Bernthal plays a garrulous faux-friendly assassin who seems to have wandered in from a Tarantino flick, calmly and affably chatting to his would-be victims, explaining how he’ll kill them. Alas, the final showdown between Bernthal and Affleck isn’t nearly as exciting as the phrase “Batman vs. the Punisher” might suggest. Simmons has a lot of range as a performer, and while Ray King isn’t a caricatured ‘police chief’, he’s still pretty non-descript. The back-story given to Addai-Robinson’s character is more interesting than her actual performance, but the procedural element in which Marybeth does the detective work to identify and track Christian down does have a satisfying logic to it. Lithgow and Jeffrey Tambor, both reliable veteran actors, get very little screen time.


There are little textural elements to The Accountant that give it a much-needed injection of fun. For example, Christian is paid in rare art and collectibles including original Renoir and Pollock paintings, a Star Wars lightsaber prop with a plaque signed by George Lucas, and Action Comics #1, the valuable comic book in which Superman first appeared. Prepare to hear the comic collectors in the audience wince when Christian tosses the issue (sans acrylic slab) nonchalantly into a duffel bag.


The Accountant’s mystery is more convoluted than it is gripping, with a succession of reveals at its conclusion wrapping things up a little too neatly. It’s not your, well, by-the-numbers spy/hitman flick, but at the same time, its individual components feel like odd bedfellows, and these books end up somewhat imbalanced.


Summary: The things that make The Accountant unique also make it challenging to get wrapped up in. It’s a weird one, but maybe that’s what you’re looking for if the standard action thriller bores you.

RATING: 3 out of 5 Stars

Jedd Jong

The Disappointments Room

For F*** Magazine


Director : D.J. Caruso
Cast : Kate Beckinsale, Mel Raido, Lucas Till, Duncan Joiner, Gerald McRaney, Ella Jones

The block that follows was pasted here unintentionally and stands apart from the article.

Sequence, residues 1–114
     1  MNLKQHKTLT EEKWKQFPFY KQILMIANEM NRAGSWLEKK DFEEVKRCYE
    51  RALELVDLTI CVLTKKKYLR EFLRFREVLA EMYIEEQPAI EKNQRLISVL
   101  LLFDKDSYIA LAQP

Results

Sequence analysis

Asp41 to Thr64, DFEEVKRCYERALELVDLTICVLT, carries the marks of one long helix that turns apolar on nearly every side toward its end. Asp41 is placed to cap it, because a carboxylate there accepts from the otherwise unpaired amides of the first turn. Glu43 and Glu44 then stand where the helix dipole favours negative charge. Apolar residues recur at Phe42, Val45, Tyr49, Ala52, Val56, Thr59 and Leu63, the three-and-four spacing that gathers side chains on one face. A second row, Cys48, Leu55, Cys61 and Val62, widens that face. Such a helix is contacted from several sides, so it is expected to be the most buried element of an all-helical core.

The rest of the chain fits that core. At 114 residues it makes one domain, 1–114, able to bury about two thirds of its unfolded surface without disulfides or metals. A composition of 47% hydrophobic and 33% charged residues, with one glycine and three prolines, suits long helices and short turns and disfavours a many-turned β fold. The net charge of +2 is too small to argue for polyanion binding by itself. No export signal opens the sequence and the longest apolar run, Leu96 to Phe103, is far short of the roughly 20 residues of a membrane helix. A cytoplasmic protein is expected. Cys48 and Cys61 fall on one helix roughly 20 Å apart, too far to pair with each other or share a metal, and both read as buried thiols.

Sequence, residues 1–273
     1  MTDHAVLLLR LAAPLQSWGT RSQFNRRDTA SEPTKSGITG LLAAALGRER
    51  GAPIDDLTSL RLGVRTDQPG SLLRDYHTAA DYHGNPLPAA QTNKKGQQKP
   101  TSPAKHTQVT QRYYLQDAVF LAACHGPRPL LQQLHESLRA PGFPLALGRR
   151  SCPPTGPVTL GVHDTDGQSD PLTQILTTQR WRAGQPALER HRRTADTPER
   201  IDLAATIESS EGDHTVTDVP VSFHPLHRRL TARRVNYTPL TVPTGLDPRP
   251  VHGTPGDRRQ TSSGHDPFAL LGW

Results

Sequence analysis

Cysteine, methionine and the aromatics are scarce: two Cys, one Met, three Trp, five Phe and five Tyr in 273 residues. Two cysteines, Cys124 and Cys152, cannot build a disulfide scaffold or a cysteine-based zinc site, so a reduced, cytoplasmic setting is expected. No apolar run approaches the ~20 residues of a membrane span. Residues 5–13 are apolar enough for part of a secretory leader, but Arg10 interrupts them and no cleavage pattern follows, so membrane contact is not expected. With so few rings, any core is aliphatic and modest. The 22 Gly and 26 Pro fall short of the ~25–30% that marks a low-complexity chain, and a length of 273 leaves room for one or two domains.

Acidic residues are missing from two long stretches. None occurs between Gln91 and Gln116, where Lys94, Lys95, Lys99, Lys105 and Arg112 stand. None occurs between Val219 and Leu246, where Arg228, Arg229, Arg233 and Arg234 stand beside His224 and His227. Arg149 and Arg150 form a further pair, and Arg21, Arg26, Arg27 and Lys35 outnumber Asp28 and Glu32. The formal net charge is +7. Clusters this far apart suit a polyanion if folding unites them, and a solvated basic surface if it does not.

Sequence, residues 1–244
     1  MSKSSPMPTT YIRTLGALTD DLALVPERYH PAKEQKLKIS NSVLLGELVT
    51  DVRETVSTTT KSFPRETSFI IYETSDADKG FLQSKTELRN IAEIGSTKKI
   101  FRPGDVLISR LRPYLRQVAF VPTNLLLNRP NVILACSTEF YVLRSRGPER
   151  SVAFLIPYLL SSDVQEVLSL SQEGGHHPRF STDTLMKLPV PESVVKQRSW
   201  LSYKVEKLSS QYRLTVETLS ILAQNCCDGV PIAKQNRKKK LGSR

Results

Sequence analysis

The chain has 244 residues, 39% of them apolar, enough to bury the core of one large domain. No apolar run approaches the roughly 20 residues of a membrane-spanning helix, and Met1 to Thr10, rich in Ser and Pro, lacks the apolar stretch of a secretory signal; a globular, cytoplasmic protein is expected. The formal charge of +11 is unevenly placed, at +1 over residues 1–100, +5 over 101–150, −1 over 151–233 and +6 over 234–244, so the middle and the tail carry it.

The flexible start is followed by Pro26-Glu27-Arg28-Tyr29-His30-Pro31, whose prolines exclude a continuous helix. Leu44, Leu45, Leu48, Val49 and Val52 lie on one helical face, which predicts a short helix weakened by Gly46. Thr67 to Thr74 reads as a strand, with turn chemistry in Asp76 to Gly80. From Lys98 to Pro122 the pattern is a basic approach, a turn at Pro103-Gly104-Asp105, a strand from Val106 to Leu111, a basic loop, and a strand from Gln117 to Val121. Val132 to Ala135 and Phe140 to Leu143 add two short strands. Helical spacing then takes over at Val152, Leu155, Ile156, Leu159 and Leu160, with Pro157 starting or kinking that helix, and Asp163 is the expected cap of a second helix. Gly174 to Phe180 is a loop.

Genre : Horror/Thriller
Run Time : 1h 32min
Opens : 13 October 2016
Rating : NC16 (Violence and Some Coarse Language)

the-disappointments-room-posterA film with the title ‘The Disappointments Room’ is more or less asking for it. There’s that joke out of the way. The name makes it sound like this is a comedy-drama about a class of underachieving students who are galvanised by an inspirational teacher. Instead, it’s a supernatural/psychological horror movie.

Architect Dana (Beckinsale), her husband David (Raido) and their young son Lucas (Joiner) are looking to start over in the wake of a family tragedy. They move from the city to a sprawling, dilapidated country home, which Dana is intent on refurbishing. Unexplainable happenings in the house spook Dana, and she discovers a hidden chamber in the attic which was not in the blueprints. Dana learns that this is a ‘disappointments room’, in which wealthy families would lock away children who had birth defects and who would embarrass their parents. Dana sees visions of the cruel Judge Blacker (McRaney), the former owner of the house, and his deformed daughter Laura (Jones). Local handyman Ben (Till) arrives to help Dana with the repairs, but Dana finds herself losing her grip on her sanity as the estate’s dark past consumes her.